6. 6. INTRODUCTION Does it sometimes feel like you are in a Sherlock Holmes mystery attempting to understand how some community mediation centers are able to become financially stable and even expand significantly? The goal of the 2013 State of Community Mediation Supplement is to de-mystify this with a vivid, inside look at how growth is possible with centers of varying size and geographic location. In 2011, The State of Community Mediation Report demonstrated the tremendous depth of the over 400 community mediation centers, 1,300 staff members, and 20,000 volunteer mediators throughout the country. This Supplement builds upon this research and has collected five case studies where community mediation centers of various budget size achieved financial stability including the development of completely new revenue streams. More than ever, with traditional government funding becoming less reliable, one often hears it stated that nonprofits need to diversify their funding sources. The following five case studies have accomplished this task. Further, these successes in the field of community mediation all occurred since the downturn in the economy demonstrating the field's resilience and ability to grow under the most difficult of circumstances. The first example comes from a center in Minneapolis, Minnesota where they implemented an individual donor program that has brought in significant new revenue and community relationships. The second example comes from the state of Washington, where the state-wide association not only gave community mediation centers a voice at the state capital, but created significant new revenue streams for centers. Next, from Asheville, North Carolina, we detail community mediation’s version of a Wall Street merger, in the form of an "absorption" and see how it strengthened not 1 center, but 3 centers. The fourth example is from Riverside California, we detail a community mediation center that continues to evolve and grow after 17 years of being housed within a government agency. Finally, from Dutchess County, New York we detail how an organization, through grass-roots initiatives, triumphed over an uncertain financial position. 1|Page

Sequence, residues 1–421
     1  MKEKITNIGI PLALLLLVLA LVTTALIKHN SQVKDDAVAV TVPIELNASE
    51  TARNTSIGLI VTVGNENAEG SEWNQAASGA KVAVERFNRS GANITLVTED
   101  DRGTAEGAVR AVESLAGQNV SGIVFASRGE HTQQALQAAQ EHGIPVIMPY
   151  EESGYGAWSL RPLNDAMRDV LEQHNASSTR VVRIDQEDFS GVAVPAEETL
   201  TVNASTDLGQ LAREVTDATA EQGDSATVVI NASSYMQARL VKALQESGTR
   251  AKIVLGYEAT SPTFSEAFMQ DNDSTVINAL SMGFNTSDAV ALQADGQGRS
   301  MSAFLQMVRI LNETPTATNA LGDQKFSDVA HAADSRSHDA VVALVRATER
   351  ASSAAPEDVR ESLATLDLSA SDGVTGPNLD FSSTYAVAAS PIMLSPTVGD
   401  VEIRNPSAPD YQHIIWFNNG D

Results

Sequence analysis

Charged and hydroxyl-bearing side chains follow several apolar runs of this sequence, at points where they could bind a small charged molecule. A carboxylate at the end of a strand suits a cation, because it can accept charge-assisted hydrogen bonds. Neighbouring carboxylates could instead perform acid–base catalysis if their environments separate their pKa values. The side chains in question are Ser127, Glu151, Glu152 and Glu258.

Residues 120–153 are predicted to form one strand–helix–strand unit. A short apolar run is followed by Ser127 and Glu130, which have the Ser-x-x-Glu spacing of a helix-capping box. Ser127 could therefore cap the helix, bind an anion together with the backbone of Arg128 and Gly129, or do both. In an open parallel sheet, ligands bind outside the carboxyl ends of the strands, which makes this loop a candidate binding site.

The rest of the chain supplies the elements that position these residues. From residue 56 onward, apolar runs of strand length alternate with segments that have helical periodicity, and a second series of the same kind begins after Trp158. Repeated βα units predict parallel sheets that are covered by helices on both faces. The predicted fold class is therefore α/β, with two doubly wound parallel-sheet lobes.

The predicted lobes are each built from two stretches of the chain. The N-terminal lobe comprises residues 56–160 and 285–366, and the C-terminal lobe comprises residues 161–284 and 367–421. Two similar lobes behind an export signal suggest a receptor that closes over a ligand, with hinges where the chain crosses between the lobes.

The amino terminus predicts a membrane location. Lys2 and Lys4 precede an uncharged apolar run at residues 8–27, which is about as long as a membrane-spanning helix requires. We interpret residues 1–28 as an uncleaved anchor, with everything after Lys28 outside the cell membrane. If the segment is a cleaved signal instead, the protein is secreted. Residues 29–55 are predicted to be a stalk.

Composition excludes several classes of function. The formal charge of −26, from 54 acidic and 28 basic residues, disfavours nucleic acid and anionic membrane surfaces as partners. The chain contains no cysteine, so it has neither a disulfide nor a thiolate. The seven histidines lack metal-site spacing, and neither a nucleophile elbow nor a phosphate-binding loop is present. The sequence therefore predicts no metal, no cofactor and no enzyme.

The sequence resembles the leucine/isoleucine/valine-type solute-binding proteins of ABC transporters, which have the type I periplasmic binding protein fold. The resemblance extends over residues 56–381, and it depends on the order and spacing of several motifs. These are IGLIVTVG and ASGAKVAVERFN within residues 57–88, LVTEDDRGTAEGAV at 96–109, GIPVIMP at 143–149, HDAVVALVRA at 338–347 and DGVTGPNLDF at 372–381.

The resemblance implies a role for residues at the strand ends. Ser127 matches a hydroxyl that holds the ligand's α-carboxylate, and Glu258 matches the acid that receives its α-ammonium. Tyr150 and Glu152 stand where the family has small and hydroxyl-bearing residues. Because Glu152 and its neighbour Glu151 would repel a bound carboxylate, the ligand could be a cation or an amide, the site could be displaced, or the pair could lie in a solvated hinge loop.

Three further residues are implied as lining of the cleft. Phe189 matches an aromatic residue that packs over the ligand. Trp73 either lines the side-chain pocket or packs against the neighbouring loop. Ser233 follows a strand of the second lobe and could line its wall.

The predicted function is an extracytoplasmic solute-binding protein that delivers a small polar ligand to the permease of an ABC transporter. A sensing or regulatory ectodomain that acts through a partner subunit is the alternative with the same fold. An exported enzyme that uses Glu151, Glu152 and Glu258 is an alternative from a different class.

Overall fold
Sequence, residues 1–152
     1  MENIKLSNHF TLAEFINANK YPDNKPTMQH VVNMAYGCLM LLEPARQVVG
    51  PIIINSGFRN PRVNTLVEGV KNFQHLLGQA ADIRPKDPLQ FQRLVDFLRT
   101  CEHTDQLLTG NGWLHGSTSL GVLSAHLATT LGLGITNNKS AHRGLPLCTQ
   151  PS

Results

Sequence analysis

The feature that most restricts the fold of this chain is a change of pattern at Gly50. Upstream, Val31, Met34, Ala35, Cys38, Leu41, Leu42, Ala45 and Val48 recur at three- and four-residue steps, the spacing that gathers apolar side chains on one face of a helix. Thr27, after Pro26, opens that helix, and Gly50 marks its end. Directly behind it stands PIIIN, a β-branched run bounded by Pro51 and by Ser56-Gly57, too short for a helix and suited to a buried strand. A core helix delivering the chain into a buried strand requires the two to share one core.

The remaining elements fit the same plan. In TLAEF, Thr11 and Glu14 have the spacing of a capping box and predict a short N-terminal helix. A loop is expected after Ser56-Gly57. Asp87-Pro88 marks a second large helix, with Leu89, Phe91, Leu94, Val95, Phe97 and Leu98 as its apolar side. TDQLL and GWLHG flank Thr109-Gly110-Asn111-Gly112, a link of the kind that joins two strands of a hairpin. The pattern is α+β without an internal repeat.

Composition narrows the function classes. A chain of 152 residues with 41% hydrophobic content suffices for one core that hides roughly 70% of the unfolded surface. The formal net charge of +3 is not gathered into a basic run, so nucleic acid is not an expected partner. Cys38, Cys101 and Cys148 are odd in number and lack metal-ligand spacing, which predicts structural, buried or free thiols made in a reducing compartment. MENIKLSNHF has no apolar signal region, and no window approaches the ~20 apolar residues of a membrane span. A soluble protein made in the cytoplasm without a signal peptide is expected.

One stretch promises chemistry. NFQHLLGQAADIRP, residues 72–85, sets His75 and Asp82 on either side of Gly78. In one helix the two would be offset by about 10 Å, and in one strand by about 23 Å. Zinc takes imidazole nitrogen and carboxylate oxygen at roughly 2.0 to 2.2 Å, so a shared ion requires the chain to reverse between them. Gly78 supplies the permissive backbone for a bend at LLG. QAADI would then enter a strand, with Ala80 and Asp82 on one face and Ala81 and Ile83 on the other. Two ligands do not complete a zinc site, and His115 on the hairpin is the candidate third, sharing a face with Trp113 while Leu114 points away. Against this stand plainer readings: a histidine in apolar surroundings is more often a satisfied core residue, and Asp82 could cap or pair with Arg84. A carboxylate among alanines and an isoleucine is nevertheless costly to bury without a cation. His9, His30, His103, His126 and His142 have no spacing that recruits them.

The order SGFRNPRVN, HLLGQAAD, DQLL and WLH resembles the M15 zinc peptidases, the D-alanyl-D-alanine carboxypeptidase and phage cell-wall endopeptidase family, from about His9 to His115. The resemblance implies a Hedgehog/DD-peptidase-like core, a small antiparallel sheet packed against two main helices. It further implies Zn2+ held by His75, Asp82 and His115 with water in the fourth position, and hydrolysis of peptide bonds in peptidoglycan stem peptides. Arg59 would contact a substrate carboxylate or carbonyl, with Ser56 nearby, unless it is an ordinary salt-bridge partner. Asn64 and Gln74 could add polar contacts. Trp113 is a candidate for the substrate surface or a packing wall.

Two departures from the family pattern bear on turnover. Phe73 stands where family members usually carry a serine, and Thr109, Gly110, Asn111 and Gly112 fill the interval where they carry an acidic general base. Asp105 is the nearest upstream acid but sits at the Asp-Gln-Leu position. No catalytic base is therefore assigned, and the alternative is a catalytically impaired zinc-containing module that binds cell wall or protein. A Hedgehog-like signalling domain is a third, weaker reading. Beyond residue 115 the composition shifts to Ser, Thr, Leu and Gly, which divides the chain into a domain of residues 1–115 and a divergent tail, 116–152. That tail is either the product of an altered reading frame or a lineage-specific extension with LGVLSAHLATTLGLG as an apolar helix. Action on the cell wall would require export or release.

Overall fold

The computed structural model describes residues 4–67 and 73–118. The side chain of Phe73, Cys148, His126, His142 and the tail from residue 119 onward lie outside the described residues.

7. 7. These case studies are only a glimpse of all the progress that has occurred in the community mediation field recently. Many additional stories came forward to NAFCM from community mediation centers that have begun to make progress along similar paths as well as paths that will be profiled in future editions. NAFCM is committed to acting as a conduit for best practices in the field of community mediation to be shared with all centers. The following cases studies are 5 proven strategies that brought financial stability to centers throughout the country. However, every center is unique and should pursue the route that fits its center. NAFCM exists to provide the support, resources, and national voice needed for all community mediation centers to successfully serve its community. NAFCM’s hope is that by working together the result will be that when the next profile is published, there will be 400 new paths that were sparked by reading the following profiles. BOLD STEPS: HOW TO F IND YOUR DONORS COMMUNITY RESOLUTION CENTER MINNEAPOLIS, MINNESOTA Most people dislike having to ask to for money. But the Community Resolution Center (CRC) in Minneapolis, Minnesota has developed an individual fundraising plan that has tremendously strengthened its center and its connection to its community. What may really surprise you is that CRC only asks for money once a year, but raised almost $100,000 last year. In fact, it developed an individual donor roster strong enough that it doesn’t even have to ask every year as the majority of its donors have committed to a multi-year gift. Although, it may appear to be magic, there is definitely a method behind CRC’s new revenue generating success. Either way it is hard to argue with CRC’s results. Since 2008, CRC has grown its net assets by 59%, its income by 68% and its members by 100%. CRC continues each year to enhance its operational strength and stability with growth across almost all revenue sources. In addition, staff has more than tripled, volunteer hours provided have increased and the 2|Page